This story was reported by David M. Schwartz, Scott Eidler, Laura Blasey, John Asbury, Mark Harrington, Nicholas Spangler and Ellen Yan. It was written by Zachary R. Dowdy.
Meteorologists forecast a progressively weaker Hermine that may bring showers and — for eastern Long Island — strong winds, before giving way to sunny skies and near-90-degree temperatures by week’s end.
“The storm will start to weaken as we get to the second half of tomorrow, so coastal flooding and high winds out east will also subside late tomorrow afternoon and night,” Jay Engle of the National Weather Service in Upton said Monday.
“On Wednesday, there will still be clouds lingering as Hermine, or what’s left of it, is located to our southeast, and a chance of showers,” he added.
A tropical storm warning, dropped for Nassau and New York City, remained in effect for Suffolk.
In its 11 p.m. briefing, the National Hurricane Center said, “Hermine is expected to become nearly stationary on Tuesday before turning toward the northeast on Wednesday.”
Maximum sustained winds of the storm had decreased to near 65 mph with higher gusts and “Some weakening is forecast during the next 48 hours,” the center said.
And the much-anticipated winds from Hermine had finally arrived, albeit lighter than expected. Still, the Montauk Point buoy had reported a 43 mph sustained wind and a gust to 54 mph, the center said.
Earlier, the National Weather Service in Upton said wind gusts were clocked at up to 50 mph coming off the Long Island Sound in Baiting Hollow and Wading River.
Engle said eastern Suffolk could still experience some coastal flooding overnight Monday as high tides come in.
But generally, forecasters said, the storm that was once a deadly hurricane has lapsed into a slow, sluggish northern trek. It was about 120 miles off Long Island Monday night, still churning the waters but heading out without doing much damage.
In fact, Thursday and Friday look bright and sunny, forecasters said, with temperatures in the high 80s and even 90s by Saturday.
The rosy prediction came as Long Island officials continued to ease the region out of crisis mode.
“We dodged a bullet, that’s for sure,” said Ray Fais, emergency manager for the Village of Lindenhurst.
In all, Hermine, now classified as a post-tropical cyclone, spared Long Island from serious coastal flooding and high winds — even at high tide, when forecasters predicted the worst.
Suffolk County officials heaved a sigh of relief as they lifted voluntary Fire Island evacuation calls after Hermine changed course Monday.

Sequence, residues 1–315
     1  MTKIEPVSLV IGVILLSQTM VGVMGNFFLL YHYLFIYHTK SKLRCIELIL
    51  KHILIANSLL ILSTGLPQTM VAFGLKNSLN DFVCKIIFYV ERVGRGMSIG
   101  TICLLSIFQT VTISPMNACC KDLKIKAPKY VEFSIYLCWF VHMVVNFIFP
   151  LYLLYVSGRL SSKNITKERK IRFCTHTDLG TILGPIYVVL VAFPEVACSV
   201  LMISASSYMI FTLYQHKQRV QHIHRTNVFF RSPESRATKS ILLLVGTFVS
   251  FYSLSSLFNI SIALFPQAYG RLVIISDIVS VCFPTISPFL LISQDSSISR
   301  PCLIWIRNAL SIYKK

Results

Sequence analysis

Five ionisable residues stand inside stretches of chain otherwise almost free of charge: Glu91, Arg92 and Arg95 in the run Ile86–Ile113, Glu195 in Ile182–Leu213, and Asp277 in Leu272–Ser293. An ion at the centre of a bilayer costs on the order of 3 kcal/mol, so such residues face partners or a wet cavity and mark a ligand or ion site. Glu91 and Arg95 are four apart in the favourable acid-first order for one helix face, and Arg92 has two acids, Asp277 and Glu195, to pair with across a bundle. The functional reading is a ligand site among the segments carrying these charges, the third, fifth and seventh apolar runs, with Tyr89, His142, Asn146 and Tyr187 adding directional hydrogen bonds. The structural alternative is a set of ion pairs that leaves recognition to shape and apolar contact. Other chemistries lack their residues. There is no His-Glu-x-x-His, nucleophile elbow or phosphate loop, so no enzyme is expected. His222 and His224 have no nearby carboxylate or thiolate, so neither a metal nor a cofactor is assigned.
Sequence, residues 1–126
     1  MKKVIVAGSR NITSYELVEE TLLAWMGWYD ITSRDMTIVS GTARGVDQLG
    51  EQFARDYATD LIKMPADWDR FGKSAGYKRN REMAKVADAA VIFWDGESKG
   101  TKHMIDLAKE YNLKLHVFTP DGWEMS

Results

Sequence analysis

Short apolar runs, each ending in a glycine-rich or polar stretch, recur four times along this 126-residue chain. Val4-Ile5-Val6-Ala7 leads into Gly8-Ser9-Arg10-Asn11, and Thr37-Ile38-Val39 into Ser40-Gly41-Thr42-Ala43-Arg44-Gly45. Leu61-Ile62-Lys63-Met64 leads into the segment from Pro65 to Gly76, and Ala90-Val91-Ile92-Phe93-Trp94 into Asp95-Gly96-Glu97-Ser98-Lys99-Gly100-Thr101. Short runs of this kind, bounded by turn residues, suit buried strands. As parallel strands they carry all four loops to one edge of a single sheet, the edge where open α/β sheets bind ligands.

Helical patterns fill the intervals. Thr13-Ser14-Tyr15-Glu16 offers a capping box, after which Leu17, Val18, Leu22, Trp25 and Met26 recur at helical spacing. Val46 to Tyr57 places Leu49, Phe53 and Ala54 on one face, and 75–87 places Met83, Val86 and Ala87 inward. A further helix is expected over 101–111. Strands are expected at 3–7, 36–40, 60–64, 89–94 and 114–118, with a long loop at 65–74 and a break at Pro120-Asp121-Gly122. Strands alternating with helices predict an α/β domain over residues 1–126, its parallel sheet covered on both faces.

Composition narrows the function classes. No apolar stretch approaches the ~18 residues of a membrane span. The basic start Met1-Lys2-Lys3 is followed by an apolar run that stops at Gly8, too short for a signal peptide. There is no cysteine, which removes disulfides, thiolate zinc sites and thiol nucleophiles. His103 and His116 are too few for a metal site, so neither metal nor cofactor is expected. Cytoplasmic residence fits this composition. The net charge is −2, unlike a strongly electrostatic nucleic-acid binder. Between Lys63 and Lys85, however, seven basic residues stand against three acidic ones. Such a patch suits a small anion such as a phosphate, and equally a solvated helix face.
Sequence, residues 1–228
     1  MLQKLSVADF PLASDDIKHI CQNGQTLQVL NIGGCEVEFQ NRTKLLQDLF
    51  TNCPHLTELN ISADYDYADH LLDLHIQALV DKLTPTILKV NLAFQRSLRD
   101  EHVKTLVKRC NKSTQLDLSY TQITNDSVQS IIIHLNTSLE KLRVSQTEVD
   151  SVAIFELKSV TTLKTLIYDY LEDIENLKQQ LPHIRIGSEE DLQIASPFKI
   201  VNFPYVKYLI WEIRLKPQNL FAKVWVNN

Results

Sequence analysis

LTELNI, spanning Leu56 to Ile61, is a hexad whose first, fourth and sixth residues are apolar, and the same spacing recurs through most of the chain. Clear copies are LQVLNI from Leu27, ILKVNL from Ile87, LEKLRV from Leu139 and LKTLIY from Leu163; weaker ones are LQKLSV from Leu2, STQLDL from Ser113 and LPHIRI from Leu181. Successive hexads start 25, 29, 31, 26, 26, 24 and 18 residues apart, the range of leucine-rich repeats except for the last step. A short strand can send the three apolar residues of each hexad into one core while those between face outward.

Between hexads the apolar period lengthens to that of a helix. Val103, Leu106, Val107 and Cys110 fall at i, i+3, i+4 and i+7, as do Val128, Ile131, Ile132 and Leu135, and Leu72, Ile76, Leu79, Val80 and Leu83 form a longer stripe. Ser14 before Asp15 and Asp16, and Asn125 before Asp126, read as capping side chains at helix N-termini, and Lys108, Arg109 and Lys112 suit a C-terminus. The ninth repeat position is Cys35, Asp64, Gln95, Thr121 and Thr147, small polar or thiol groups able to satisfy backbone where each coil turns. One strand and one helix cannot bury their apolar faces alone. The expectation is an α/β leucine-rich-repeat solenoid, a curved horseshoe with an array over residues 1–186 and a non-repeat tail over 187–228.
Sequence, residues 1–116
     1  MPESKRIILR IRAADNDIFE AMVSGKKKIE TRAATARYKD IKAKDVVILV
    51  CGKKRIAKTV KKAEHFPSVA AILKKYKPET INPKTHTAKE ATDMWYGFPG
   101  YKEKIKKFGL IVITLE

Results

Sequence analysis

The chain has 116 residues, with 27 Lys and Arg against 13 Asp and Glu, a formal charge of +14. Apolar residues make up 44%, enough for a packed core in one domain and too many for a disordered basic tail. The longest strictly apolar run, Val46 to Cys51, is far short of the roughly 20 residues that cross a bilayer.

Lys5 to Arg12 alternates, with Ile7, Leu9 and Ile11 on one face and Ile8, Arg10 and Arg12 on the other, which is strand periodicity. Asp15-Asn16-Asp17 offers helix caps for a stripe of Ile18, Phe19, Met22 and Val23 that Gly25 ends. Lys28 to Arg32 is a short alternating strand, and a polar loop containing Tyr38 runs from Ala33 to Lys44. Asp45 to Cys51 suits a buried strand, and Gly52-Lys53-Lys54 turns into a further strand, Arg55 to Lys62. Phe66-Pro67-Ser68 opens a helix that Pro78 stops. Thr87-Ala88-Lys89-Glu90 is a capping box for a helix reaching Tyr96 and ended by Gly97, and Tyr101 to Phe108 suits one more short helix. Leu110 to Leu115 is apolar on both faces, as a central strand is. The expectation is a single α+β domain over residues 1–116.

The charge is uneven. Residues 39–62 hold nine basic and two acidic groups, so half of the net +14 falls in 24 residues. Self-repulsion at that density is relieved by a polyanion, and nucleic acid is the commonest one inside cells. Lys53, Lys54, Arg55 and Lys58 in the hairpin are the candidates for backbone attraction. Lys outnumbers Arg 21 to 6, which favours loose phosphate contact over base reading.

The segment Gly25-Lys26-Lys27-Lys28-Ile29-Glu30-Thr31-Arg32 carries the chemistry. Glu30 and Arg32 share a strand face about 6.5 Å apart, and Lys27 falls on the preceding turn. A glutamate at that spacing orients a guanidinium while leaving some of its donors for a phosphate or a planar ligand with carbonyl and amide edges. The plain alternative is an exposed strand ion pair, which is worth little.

Fais, emergency manager for the Village of Lindenhurst, said he expected Hermine to be the first real test of the backstop devices the village installed in the storm drain system about a year ago in some of the most flood-prone roads. They’re intended to stop the ocean water from coming in and up through the storm drains during heavy rains or high tides.
But as Fais drove down street after street during high tide, almost all the roads, even the ones that typically flood in big rains, were dry. Hermine was no test of the new system, he said.
On Long Beach, officials said the waterfront community is all but out of the proverbial woods, but there had been some beach erosion and currents remained a danger.
“On the ocean side, rip currents remain extremely dangerous,” read an announcement from the city, noting the tropical storm warning had been lifted while the coastal flooding advisory remained in force.
Where possible, officials tried to get things back to normal and close out the last unofficial weekend of the summer season.
New York State parks officials reopened Sunken Meadow State Park beaches on the North Shore to swimming at 10 a.m. Monday, but state-operated ocean beaches along Long Island’s South Shore — Jones Beach, Robert Moses State Park and Hither Hills State Park near Montauk — will remain closed due to rough surf.
Swimming at Heckscher State Park along the Great South Bay in Great River was open, but Wildwood State Park on the North Shore was closed to swimmers.
Suffolk County Fire Rescue and Emergency Services officials reported that call volume to 911 Sunday evening and overnight into Monday was very low.
But the storm forced the early exit of those who flocked to the Hamptons for Labor Day weekend.
Coopers Beach in Southampton Village was virtually abandoned at 9 a.m. Monday, an unheard-of phenomenon at the popular Hamptons beach at summer’s end.
Steady winds and an unrelenting surf had washed over much of the beach, flooding the volleyball area and reaching the primary dune. A gaggle of lifeguards remained off the beach under the covered beach house. Beachgoers in hoodies and light coats spent time taking photos, the beach only partly accessible.
Southampton Town Supervisor Jay Schneiderman said he spent 2 1⁄2 hours Sunday through early Monday driving more than 50 miles through his town, surveying for damage and flooding but finding very little that was out of the ordinary.
He said, “It was the storm that wasn’t.”